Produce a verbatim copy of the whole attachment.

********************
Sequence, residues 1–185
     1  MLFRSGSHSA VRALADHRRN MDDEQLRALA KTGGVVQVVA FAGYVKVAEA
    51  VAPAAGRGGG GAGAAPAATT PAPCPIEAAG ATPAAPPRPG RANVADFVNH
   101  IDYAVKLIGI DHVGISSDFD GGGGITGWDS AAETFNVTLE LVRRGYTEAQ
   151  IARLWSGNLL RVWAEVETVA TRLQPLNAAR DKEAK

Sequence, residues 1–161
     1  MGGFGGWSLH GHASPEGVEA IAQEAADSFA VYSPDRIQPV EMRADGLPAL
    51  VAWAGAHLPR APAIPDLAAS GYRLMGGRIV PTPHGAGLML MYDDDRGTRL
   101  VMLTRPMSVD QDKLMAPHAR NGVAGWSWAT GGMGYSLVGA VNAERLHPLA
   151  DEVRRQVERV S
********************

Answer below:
Sequence, residues 1–185
     1  MLFRSGSHSA VRALADHRRN MDDEQLRALA KTGGVVQVVA FAGYVKVAEA
    51  VAPAAGRGGG GAGAAPAATT PAPCPIEAAG ATPAAPPRPG RANVADFVNH
   101  IDYAVKLIGI DHVGISSDFD GGGGITGWDS AAETFNVTLE LVRRGYTEAQ
   151  IARLWSGNLL RVWAEVETVA TRLQPLNAAR DKEAK

Sequence, residues 1–161
     1  MGGFGGWSLH GHASPEGVEA IAQEAADSFA VYSPDRIQPV EMRADGLPAL
    51  VAWAGAHLPR APAIPDLAAS GYRLMGGRIV PTPHGAGLML MYDDDRGTRL
   101  VMLTRPMSVD QDKLMAPHAR NGVAGWSWAT GGMGYSLVGA VNAERLHPLA
   151  DEVRRQVERV S